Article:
No, from the Yankees' perspective, you don't want to jinx something like this. You just want to savor it.
There are no scandals, no controversies, no major conflicts, no apparent schisms. Yes, it's early. The regulars won't work out until Wednesday. But there isn't much reason to expect that this operation -- a vision of cohesion at this point -- is suddenly going to take a left turn into chaos.
It is impossible to miss the contrast between this February and one year ago in the camp of the Yankees. Last year, you had Alex Rodriguez and his steroid confession, a moment of real personal and organizational embarrassment. The Yankees were coming off a season in which they missed reaching the postseason for the first time since, what, the Pleistocene Age? There was considerable concern that manager Joe Girardi wasn't going to measure up to Joe Torre. There were lingering doubts and lingering questions about what kind of return the Yankees were going to get for spending $423.5 million on three players in one winter.
But Rodriguez got beyond that controversy and right hip surgery, the lavishly reimbursed new employees did their parts, the veteran core players performed nobly and some young players emerged to help. Girardi proved conclusively that he was good enough to manage under baseball's biggest microscope, and instead of noting that he had been dismissed by the Florida Marlins, people were recalling that he had an engineering degree from Northwestern University so his intelligence had been a matter of public record for some time.
Put it all together and this organization moved onward and upward to its first World Series championship in nine years. The spring aftermath is a camp in which order reigns. The questions to be answered have to do with finding the right fit for the right jobs. They are normal baseball questions and there are more than enough potential answers available.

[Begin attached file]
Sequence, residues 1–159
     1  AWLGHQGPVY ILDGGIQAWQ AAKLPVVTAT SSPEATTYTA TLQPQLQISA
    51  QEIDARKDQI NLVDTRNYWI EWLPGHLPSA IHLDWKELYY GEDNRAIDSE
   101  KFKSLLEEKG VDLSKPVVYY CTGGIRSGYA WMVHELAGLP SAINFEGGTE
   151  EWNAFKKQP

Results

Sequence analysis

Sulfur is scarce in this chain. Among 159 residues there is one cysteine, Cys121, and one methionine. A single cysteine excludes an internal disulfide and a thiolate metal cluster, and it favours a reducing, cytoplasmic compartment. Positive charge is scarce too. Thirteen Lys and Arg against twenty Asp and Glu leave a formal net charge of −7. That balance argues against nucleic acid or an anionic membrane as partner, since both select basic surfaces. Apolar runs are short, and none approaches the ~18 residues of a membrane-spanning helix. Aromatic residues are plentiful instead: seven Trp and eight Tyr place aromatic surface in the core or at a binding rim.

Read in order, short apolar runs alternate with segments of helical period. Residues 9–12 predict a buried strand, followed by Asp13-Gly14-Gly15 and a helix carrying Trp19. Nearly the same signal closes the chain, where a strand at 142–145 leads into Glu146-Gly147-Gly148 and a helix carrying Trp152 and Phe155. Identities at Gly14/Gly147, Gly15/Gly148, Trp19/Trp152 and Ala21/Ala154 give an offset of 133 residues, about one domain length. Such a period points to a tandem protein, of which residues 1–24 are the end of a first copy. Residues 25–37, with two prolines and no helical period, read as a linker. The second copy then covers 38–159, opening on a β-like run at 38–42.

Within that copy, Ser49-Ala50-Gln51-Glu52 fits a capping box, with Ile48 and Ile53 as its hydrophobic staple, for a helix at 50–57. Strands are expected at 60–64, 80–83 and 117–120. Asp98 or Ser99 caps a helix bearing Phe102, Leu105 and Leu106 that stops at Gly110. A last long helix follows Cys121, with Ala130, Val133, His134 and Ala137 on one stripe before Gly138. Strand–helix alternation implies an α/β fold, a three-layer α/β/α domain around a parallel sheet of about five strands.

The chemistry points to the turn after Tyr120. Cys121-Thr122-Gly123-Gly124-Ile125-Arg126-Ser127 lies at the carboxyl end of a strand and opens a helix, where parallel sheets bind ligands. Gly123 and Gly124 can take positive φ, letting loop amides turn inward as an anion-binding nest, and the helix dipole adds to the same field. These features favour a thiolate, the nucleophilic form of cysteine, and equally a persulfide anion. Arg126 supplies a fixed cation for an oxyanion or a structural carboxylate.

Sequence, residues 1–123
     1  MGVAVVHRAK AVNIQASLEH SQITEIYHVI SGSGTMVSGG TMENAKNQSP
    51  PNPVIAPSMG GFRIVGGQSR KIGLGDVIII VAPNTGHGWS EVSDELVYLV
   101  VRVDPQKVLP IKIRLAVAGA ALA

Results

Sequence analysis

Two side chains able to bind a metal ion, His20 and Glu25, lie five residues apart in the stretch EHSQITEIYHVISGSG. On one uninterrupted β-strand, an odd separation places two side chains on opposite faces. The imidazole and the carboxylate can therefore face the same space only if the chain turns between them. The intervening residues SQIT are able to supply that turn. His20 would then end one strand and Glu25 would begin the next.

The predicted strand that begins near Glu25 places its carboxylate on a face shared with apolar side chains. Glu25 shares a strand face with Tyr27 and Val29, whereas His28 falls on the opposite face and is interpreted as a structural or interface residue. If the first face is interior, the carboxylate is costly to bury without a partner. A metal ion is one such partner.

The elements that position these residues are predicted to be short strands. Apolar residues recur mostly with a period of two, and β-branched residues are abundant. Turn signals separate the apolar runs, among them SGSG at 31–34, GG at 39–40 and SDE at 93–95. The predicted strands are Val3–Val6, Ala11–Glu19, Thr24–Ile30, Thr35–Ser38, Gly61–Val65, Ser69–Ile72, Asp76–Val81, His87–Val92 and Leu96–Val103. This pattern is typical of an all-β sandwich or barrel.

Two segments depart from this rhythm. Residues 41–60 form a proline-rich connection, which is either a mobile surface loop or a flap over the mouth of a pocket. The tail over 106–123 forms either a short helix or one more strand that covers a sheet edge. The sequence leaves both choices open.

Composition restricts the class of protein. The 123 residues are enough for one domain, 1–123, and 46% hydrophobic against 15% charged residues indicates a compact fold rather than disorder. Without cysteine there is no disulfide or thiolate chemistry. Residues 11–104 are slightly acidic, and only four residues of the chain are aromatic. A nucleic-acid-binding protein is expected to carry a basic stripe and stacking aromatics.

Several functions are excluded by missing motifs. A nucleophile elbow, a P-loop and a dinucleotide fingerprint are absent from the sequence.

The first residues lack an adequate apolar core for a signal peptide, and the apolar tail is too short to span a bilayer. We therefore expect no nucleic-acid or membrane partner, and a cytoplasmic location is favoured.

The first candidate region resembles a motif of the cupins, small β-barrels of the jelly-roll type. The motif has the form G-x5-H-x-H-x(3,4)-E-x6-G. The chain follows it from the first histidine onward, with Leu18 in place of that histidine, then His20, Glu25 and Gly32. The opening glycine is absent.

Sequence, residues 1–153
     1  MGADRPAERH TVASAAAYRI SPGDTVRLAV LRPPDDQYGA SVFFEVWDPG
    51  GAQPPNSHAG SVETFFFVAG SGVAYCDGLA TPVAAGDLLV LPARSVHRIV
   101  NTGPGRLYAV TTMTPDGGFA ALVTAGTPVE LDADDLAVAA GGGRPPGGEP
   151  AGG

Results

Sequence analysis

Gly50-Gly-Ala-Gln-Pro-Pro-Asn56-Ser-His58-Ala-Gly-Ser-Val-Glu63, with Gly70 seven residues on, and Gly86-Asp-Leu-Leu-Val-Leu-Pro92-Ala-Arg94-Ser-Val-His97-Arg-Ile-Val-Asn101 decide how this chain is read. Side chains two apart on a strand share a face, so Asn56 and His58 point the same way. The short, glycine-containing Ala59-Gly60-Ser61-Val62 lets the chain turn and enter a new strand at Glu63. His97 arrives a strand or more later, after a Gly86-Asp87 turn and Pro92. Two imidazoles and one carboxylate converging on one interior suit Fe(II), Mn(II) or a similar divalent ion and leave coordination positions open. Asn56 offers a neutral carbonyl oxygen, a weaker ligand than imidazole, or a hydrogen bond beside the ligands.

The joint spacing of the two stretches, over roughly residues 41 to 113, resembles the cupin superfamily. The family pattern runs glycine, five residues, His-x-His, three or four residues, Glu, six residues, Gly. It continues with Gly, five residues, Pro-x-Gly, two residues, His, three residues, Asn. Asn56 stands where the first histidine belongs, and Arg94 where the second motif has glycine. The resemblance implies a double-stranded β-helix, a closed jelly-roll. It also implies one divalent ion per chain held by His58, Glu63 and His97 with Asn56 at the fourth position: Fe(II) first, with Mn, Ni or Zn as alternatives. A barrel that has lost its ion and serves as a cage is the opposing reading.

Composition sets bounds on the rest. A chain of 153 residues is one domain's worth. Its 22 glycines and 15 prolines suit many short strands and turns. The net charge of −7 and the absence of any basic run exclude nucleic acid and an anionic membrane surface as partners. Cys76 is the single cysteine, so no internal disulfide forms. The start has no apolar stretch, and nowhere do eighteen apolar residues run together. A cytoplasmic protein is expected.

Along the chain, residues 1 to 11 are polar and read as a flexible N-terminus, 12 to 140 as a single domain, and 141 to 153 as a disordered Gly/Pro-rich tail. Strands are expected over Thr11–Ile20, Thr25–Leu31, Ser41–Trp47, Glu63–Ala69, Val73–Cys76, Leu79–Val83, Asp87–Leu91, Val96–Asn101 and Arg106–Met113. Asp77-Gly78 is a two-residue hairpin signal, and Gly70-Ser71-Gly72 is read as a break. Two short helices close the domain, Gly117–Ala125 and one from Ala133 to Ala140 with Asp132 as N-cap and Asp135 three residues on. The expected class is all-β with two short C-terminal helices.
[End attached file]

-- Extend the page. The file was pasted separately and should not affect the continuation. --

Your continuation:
The fifth starter? Two young and extremely talented pitchers, Joba Chamberlain and Phil Hughes, are in contention, along with Alfredo Aceves, Sergio Mitre and Chad Gaudin. The question of how best to channel Chamberlain's prodigious abilities may finally have an answer.
In any case, some of the losers in this derby will go to the bullpen -- there to offer substantial depth. More depth has been added with the signing of Chan Ho Park, pending a physical. Park announced the signing himself from Korea. Cashman could not officially confirm the deal Monday, but the bullpen is an area in which he is always aiming for both quantity and quality.
"I think we have a terrific bullpen," the general manager said. "The more the merrier. You can never have enough."
Girardi saw it the same way.
"The one thing that we will do here is, we will make sure we will take what we think are the best 12 arms," the manager said. "And we don't leave Spring Training and say, 'This is the way it and it's going to be this way all year.' Having quality arms in your camps, and more quality arms in those spots, is a luxury. It's our job to try to make the right decisions."
The other issues also come with no shortages of solutions. Who should bat in the No. 2 spot in a typically strong lineup, Curtis Granderson or Nick Johnson? Each would bring a different set of strengths to that role, but this is hardly a problem.
Or which outfielder should play which position, Granderson in center and Brett Gardner in left, or vice versa? These are two plus-defensive outfielders. There may be no wrong choice here. It is merely a matter of finding the better solution.
There was a brief revisiting of a pitch-selection controversy left over from the 2009 postseason between starter A.J. Burnett and catcher Jorge Posada. There seemed to be a genuine difference of opinion, but as disagreements go, this was not epic.
"I didn't question Georgie; I questioned myself," Burnett said in his own attempt to put this issue in the rearview mirror.
There won't be much residual noise coming from this direction, either.
Things are sufficiently at ease here that the managerial interview session could include a tutorial from Girardi on the fine art of catching/receiving; a catcher developing to the point where he frames as many pitches as possible to make them look like strikes and blocks as many pitches as is humanly possible.
"It's a feeling of feeling comfortable and soft back there where you're not stabbing at balls," Girardi said. "We call it being 'quiet' where there's not a lot of movement."
Ah, quiet. It is quiet here, both figuratively and literally. Girardi said he would be happy when the position players reported and the noise level in the clubhouse increased. This is the kind of noise with which the Yankees are comfortable. Aside from that, the controversy level is right next to invisible this spring with the Bronx Bombers. This is different, but not a big deal, because both the talent level and the expectations are right where they are supposed to be.